The White House’s long-awaited website for ordering free Covid-19 rapid tests is finally live. The new page, covidtests.gov, arrives amid a shortage of rapid tests and a surge in Covid-19 cases fueled by the omicron variant. While this new program isn’t flawless, flooding the country with easily accessible rapid tests could be a powerful tool to fight the pandemic.
Covidtests.gov is part of the White House’s plan to buy and distribute 1 billion rapid tests over the coming months. The end goal of the new testing initiative is to make it easier for people to find out whether they have Covid-19, and if necessary, isolate to curb the spread of the virus. Technically, covidtests.gov wasn’t supposed to launch until January 19, but the government released a “beta phase” version of the site ahead of that deadline, allowing many people to order tests early. Within a few hours of launch, the beta version became the most popular government website by a long shot.
While it represents an improvement over the situation late last year, when rapid tests were not only very difficult to find but also expensive, the Biden administration’s new program comes with some caveats. First of all, each American household can only order four tests — regardless of how many people live there. And some of the people who’ve tried to order tests have already run into technical issues, which could get worse as more users visit the site.
“Hopefully, this isn’t a scenario where those who are able to jump online first are the only ones who can get tests,” Lindsey Dawson, the associate director of HIV policy at the Kaiser Family Foundation, told Recode. Dawson added that the beta launch could help the new Covid-19 site avoid some of the bugs from the early Healthcare.gov days.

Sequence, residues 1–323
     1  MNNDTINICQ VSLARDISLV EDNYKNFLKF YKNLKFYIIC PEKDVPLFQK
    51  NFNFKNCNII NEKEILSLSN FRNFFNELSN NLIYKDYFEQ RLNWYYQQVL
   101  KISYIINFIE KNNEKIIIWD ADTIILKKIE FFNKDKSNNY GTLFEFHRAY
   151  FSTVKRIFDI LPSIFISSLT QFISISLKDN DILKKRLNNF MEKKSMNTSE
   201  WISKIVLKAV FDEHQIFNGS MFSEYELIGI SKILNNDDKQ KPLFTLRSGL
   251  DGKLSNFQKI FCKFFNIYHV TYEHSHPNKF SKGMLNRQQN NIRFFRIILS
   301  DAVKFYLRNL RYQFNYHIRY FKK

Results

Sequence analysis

Given the frenzy around this new Covid-19 testing option, you probably have some questions about how to navigate the program. Let’s start with the basics of the website.
So this new website lets you order free Covid-19 tests. How hard could it be?
The process is designed to be very straightforward. To order your household’s batch of four at-home rapid antigen tests, go to covidtests.gov, which explains that everyone with a residential address in the United States (as well as people living at overseas diplomatic and military outposts) is eligible to get the tests.
Once you’re on the homepage, click on the bright blue “Order Free At-Home Tests” button, and you’ll get redirected to a special section of the United States Postal Service’s website. (USPS partnered with the Department of Health and Human Services to help with the logistics of the new program, and you can also start your order through the USPS website.) Fill out the form on the page by providing your name, delivery address, and, if you want an email order confirmation, your email address. The page does have a box with your order information including a spot for a dollar amount, but it does not ask for any credit card information. The dollar amount should remain at $0.00 throughout the ordering process.